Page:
The song is called “Couple Days” and is about the St. Jude Run and specifically about the stop in Roanoke. We recently recorded it and are now working on the video. Our goal is to “go viral” with the video with the help of websites like YouTube and Twitter, increasing awareness of St. Jude’s mission and hopefully also raising money towards the cause. I recently saw an article recently about a “photogenic runner” that had received 1.4 million hits, that makes me think that if we can get the video out there, we can make this happen…
Q: What can someone do if they want to help?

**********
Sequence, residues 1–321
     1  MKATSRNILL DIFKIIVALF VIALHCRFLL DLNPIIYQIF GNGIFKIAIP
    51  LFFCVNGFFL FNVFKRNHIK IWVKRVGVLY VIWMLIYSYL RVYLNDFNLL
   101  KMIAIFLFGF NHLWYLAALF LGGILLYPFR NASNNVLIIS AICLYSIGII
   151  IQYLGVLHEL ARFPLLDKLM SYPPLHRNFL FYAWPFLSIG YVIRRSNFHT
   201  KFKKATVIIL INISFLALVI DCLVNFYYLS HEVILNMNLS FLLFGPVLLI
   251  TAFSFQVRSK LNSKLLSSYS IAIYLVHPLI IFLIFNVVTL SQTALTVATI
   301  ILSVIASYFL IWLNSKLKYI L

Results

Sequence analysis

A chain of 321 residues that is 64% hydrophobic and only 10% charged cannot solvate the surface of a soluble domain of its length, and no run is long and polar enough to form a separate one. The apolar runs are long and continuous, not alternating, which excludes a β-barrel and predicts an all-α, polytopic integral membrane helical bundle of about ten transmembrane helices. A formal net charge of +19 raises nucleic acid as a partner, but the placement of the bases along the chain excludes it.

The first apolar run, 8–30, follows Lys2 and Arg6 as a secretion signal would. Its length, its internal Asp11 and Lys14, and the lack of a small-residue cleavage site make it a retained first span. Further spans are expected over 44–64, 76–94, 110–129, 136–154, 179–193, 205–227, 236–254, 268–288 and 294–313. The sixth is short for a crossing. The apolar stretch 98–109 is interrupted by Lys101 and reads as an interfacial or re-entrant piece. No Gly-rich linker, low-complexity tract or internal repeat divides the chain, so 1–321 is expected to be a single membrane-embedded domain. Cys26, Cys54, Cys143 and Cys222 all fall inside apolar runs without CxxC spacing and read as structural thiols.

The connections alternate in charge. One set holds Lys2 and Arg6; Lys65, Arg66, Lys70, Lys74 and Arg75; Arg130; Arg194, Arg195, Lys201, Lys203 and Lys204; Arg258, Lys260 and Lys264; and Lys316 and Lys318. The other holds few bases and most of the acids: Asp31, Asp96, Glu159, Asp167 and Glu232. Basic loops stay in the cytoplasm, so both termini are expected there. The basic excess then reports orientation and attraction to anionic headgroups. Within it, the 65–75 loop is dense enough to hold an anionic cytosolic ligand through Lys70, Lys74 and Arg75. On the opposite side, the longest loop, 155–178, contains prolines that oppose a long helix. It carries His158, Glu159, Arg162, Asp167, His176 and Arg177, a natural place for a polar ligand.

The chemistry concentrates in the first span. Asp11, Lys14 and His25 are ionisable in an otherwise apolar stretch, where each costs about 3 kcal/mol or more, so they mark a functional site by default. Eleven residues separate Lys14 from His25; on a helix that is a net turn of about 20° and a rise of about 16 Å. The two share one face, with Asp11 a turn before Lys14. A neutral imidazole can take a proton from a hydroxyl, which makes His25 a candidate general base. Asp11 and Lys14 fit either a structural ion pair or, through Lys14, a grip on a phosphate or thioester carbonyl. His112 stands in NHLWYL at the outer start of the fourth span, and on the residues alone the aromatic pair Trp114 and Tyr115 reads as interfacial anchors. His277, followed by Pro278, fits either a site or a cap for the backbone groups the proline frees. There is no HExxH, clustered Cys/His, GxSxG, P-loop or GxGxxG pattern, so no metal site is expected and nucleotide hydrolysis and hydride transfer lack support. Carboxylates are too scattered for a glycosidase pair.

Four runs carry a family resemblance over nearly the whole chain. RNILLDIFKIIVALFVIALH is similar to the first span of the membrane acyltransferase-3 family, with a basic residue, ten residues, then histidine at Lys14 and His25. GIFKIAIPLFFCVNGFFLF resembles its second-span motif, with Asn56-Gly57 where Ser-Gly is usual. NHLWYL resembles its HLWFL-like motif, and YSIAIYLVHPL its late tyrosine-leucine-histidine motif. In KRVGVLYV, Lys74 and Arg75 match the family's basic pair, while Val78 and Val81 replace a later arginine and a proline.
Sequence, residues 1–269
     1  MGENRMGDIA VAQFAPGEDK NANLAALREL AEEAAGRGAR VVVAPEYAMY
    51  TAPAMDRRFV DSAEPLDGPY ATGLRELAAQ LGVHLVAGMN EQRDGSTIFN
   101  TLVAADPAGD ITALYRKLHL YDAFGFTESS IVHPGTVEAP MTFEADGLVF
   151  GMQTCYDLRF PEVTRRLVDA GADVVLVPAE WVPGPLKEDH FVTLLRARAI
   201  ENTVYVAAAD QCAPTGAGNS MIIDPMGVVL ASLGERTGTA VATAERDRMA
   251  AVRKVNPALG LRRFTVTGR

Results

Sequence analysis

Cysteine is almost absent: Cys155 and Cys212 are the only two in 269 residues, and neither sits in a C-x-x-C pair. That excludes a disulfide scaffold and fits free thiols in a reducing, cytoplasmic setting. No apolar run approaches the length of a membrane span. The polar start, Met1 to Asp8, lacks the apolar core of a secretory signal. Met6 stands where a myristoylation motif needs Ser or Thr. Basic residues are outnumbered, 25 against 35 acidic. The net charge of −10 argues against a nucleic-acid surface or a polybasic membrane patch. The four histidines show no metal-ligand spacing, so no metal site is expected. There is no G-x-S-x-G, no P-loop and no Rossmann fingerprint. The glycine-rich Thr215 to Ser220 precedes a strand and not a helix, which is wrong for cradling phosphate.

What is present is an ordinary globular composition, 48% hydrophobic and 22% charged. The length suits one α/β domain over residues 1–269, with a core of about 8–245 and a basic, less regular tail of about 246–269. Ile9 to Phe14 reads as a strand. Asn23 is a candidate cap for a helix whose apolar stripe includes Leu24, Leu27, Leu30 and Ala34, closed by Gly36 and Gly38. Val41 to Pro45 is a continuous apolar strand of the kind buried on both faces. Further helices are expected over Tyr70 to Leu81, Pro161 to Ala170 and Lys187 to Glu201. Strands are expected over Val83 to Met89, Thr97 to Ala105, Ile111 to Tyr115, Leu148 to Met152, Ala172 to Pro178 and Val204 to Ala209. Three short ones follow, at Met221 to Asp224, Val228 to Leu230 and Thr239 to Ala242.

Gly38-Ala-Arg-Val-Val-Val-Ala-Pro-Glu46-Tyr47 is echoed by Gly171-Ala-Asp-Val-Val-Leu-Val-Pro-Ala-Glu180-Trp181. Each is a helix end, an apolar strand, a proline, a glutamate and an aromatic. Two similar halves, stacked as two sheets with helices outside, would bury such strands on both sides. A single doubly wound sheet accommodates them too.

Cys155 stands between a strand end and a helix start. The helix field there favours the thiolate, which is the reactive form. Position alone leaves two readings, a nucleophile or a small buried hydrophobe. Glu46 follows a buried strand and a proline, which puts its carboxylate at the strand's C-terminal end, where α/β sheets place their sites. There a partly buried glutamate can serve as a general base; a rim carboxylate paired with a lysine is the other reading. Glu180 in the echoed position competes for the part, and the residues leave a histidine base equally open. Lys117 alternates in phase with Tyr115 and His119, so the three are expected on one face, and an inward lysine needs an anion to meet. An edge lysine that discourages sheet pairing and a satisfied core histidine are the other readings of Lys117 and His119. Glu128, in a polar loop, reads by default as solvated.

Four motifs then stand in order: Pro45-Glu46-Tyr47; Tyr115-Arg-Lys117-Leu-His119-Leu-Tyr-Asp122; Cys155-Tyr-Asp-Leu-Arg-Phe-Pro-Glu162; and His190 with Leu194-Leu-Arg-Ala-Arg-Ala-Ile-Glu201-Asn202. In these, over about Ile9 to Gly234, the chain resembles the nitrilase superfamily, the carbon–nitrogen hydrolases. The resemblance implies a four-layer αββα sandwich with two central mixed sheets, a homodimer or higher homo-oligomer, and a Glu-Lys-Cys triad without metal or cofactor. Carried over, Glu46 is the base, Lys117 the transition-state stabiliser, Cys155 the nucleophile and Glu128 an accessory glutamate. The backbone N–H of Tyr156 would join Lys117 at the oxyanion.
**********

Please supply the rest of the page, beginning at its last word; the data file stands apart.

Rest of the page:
My website for donations is www.stjudepeoriaruns.org/davebucher. Any donation helps! You cannot imagine how much the patients and their families appreciate your donations. Every year I see the results of what St. Jude does first hand from patients and their families, it is truly an amazing organization. You can also get more information about St. Jude at their website, www.stjude.org. When you hear about our video thru YouTube or Twitter, pass it on!